Posted 8 months ago
By John Axtell
Guys and Dolls at Post Playhouse — Review by Chelsea Cole Photos by Jeffery P Gilmore
Post Playhouse artistic director Tom Ossowski hit the mark this season with Guys and Dolls. A hot prospect right out of the starting gate, this venerable musical comedy galloped to the finish line. A thoroughbred through and through…you’ll find Guys and Dolls in the Winner’s Circle.
No handicapping necessary, from the hard-core song-and-dance ensemble to the fabulous assortment of leads and supporting characters. But if I had to make the call—and I guess I do—I’d say it’s Janet McWilliams’ show—by a neck to a nose.
As Adelaide—who suffers from a chronic cough and a fourteen-year-long engagement to gambler Nathan Detroit—McWilliams couldn’t be more delightful. She is a natural in the broadly New York-accented role originally tailored for star Vivian Blaine when songwriter Frank Loesser found her unsuitable for the ingénue lead. McWilliams fairly trills through the intricate lyrics of Adelaide’s Lament, and you can’t help but root for this underdog in romance.
The object of her affection—played by a wonderfully smarmy Sean Barrett—overcomes the character flaws of being a down-on-his-luck, two-bit gambler whose “longest-running permanent floating crap game” permanently raises Adelaide’s hackles. Barrett makes the quirky Nathan endearing—no mean feat. But Barrett (who also plays Max in The Sound of Music) excels at making questionable characters not only human but fun.
True love also embraces the even more unlikely coupling of high-roller Sky Masterson and mission evangelist Sarah Brown. Their highly divergent paths collide when Sky gets roped into a thousand-dollar bet that says he can’t get her to fall for him.
Of course he can and she does, providing us with the beautifully romantic duets I’ll Know When My Love Comes Along and I’ve Never Been in Love Before. Don Denton is forceful as the good guy gone astray who, through unexpected grace, finds his way.
Paige Salter’s Sarah Brown is his strong and determined match, from angry first meeting through inebriated confession of love (If I Were a Bell) to satisfying denouement.
The show—with its multifaceted lyrics and clever counterpoint—is so chockfull of talent that it never ceases to entertain
Second banana Tommy Wallace (aptly zoot-suited in neon yellow) draws the eye and applause from first pratfall through the rousing showstopper Sit Down, You’re Rockin’ the Boat. Wallace—also choreographer for the show—lithely manages to be everywhere from on the floor to on top of the mission desk. His boundless energy envelops street thug Nicely Nicely Johnson, supported by a merry band of crapshooters in search of a game.
Chadron resident and musical theatre student Michael Kruse is Rusty Charlie, holding his own with the likes of a gimp-inspired Dan Denton, whose Harry the Horse is reminiscent of a young Dick Van Dyke. Stephen Beard’s Benny Southwest adds wide-eyed zest in tandem with Wallace to the title song Guys and Dolls. San Cleary surprises as a booming Big Julie, packing heat for emphasis. So—just sayin’—I’d step back if he loomed onto my path.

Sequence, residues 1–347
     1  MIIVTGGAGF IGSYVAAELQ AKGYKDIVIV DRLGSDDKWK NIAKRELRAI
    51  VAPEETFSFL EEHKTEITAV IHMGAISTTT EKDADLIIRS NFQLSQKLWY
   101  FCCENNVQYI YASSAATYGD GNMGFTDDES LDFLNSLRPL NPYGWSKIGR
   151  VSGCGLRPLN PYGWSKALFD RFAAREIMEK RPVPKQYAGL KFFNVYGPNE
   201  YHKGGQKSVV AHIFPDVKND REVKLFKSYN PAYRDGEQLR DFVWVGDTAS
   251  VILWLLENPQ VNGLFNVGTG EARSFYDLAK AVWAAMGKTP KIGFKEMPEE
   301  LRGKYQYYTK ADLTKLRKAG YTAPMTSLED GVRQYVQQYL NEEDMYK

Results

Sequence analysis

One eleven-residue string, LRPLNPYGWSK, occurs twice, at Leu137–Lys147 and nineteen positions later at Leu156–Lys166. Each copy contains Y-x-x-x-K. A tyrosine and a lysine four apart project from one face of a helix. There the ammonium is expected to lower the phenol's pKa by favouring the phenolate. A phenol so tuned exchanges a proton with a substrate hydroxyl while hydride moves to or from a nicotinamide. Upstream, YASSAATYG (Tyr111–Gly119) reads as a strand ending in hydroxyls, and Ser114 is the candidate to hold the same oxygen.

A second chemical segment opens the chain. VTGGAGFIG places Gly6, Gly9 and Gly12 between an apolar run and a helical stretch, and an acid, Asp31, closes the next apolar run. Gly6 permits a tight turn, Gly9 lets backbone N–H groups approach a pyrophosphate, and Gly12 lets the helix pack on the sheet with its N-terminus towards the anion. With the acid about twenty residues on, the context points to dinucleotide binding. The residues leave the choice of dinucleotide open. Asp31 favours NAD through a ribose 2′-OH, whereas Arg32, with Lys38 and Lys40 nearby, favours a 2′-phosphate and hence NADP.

Andreas Robledo does double—triple..more?—duty as Lt. Brannigan (complete with a respectable Irish brogue), zoot-suit dancer (check out the red fedora), and a Havana waiter (with an engaging latino gait).
Keeping up with the men, the Hot Box cuties (their A Bushel and A Peck routine is deliciously tacky) also appear as red-bonneted symbols of decorum in the mission band (Britte Steele, Annabelle Fox, and Samantha Matthews). Not to be missed in the band is Crawford’s own Marge Rotherham, beating an enormous drum with spirit and pluck.
Completing the mission distaff side is Jorie Janeway as General Matilda B. Cartwright, a stern disciplinarian who abandons propriety in a hallelujah musical moment.
Alliance resident and Post Playhouse board president Wally Seiler delivers on the quiet tender More I Cannot Wish You, advising a heart-torn Sarah.
Music director John Callahan adeptly leads the company through Loesser’s complicated score, a fast-paced route of wit and counterpoint. John Millerd maintains an acute clarity of sound form soaring high notes to the cacophony of a street rumble and the exultation of a revival meeting.
With such vast, fast mood changes, Donald James Fox’s lighting sets the tone for romance, physical comedy, and an action-packed cop chase; and Pheobe Boynton’s costumes add a brightness to the dark corners of New York and Havana. Mark DeLancey’s set puts you in the moment with flavorful Big Apple accents from automat sign to run-down newsstand.
Starting with the first note of the overture and springing cheerily through fun schtick, over-the-top reactions, up tempo ensemble numbers, and sweet—not saccharine—love songs, Guys and Dolls brings it home…a triumph!
A one-time resident of New York’s upper west and upper east sides, theatre critic Chelsea Cole has worked the off and off-off Broadway circuits on the lower east side and Broadway shoulder. She once ran tech for Loesser’s GreenWillow in a posthumous bid for the show’s return to the Great White Way.
Guys and Dolls
Director: Tom Ossowski
Music Director: John Callahan
Choreographer: Tommy Wallace
Set Design: Mark DeLancey
Costume Design: Pheobe Boynton
Lighting Design: Donald James Fox
Sound Designer: John Millerd
Stage Manager: Ken Phillips
For Tickets: Call the Box Office at (308) 665-1976 or buy on line at www.postplayhouse.com .